Children and Plants
Does your child
have a plant? Encourage your child to grow a plant on his very own, and
help him increase his knowledge about plant life and about Mother Earth.
Give your child a few small pots, or paper or plastic glasses (with a hole at the bottom, so excess water can drain out. This is very important, because if there is too much water, the roots of the plant are unable to draw in oxygen, and the plant effectively 'drowns'.).
Fill up the pot or glass with soil. Either cut a portion from an existing plant and let your child plant it in his pot, or let him start from scratch, by planting seeds or beans.
If your child is planting mustard or radish seeds, he could first soak them in water for a few days, until they begin to sprout. Once they have sprouted, your child can plant them in soil.
He should add a little manure, to help fertilize the soil.
child to find out as much as possible about his plant. Will it give flowers?
What is the name of the plant? How does a plant soak up the water? What
are roots? What is chlorophyll? Your child will remember these details
far more vividly if he is growing the plant himself, instead of simply
trying to learn the facts by reading a textbook.
Plants help prevent soil erosion
your child the importance of trees and plants. Trees and their roots keep
soil firmly in place, and prevent it from getting washed away and eroded.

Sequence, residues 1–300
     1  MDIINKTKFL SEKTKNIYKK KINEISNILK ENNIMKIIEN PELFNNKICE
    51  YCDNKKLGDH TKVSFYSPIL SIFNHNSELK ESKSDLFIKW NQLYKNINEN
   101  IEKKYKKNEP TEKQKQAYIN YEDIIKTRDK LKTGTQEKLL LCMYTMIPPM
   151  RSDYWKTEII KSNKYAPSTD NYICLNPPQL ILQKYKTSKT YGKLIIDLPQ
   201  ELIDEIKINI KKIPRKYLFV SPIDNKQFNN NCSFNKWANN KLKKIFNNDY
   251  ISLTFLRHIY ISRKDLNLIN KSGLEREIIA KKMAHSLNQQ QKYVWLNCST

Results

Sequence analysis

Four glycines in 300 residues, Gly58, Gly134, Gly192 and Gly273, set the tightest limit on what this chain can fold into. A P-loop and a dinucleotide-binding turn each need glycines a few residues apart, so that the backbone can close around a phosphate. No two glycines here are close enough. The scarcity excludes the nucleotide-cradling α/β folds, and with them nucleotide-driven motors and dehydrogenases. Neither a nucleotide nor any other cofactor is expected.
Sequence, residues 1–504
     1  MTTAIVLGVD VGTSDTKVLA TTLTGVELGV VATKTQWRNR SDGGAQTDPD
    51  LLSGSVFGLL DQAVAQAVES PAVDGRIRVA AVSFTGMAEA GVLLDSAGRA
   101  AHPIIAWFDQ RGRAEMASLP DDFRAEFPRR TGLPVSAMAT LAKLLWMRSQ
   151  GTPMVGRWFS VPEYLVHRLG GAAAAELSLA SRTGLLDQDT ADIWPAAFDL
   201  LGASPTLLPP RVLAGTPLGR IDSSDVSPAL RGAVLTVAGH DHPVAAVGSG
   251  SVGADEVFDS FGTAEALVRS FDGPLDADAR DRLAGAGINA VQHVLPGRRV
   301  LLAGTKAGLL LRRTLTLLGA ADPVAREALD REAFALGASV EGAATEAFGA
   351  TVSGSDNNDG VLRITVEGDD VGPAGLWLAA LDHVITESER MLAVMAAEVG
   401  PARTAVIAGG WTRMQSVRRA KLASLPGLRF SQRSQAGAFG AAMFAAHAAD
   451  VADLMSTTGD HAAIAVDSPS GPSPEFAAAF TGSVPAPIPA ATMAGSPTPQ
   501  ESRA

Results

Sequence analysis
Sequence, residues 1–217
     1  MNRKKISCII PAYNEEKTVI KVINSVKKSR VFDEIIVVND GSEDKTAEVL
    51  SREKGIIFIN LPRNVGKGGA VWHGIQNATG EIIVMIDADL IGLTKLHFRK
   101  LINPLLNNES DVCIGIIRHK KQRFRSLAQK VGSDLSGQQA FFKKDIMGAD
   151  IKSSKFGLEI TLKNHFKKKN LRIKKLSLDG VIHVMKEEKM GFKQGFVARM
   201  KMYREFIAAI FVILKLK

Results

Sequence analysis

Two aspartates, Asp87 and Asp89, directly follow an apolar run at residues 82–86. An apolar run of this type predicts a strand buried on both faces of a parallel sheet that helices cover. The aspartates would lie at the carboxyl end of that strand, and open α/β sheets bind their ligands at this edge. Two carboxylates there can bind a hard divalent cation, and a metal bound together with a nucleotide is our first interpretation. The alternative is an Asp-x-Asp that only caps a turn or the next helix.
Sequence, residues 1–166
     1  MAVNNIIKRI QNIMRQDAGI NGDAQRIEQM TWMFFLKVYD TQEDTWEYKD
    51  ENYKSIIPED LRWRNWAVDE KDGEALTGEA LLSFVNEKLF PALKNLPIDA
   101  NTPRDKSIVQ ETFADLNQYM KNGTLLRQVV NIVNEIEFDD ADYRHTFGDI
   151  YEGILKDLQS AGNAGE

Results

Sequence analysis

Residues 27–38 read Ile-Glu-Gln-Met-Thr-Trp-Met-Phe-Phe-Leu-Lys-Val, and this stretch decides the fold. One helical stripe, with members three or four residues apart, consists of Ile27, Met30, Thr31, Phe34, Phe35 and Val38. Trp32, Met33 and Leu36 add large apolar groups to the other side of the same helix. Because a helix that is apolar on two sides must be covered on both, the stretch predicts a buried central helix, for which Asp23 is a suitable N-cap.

If there were no trees, the soil would just keep tumbling down from hilltops!
Your child can try to pull his plant out lightly, and he will notice that
it is firmly attached to the soil.
Plants grow in the direction of the sun
Let your child
plant seeds in 3 plastic glasses. Let him keep 2 glasses upright, while
he turns the third glass on its side. He will notice that all plants will
grow roots towards the earth, and leaves towards the sun. After a few months,
once the plant has started growing, he should place the third glass upright.
The leaves, which now appear sideways, will slowly start reaching upwards,
in the direction of the sun.
Advantages of 'Project Plant'
Growing a plant is a great practical exercise for your child. Not only will he enjoy doing it, but he will also get great satisfaction from the fact that he has just brought forth a life.
Once the plant starts growing, and sprouting flowers, your child's joy will know no bounds. It will also give him confidence that he has succeeded in a particular task.
Your child will learn the functions of the soil, the manure and the plant seeds. He will learn that a plant requires sunlight and water to grow.
You could help conserve rare plants by replanting their seeds, and increasing their population.
Gardening also makes for an extremely satisfying hobby, and is something that your child can continue doing even when he is much, much older.
such as this will also teach your child patience, as your child will have
to wait a while before his hard work bears fruit. A child with patience
will have fixed goals in life, and will be willing to work dedicatedly
and perseverance, towards his goal. An impatient child will allow himself
to get frustrated if he doesn't achieve immediate results. Working with
plants allows a child to get used to the idea that he has to sow the seeds
early on, in order to reap the benefits in the future.
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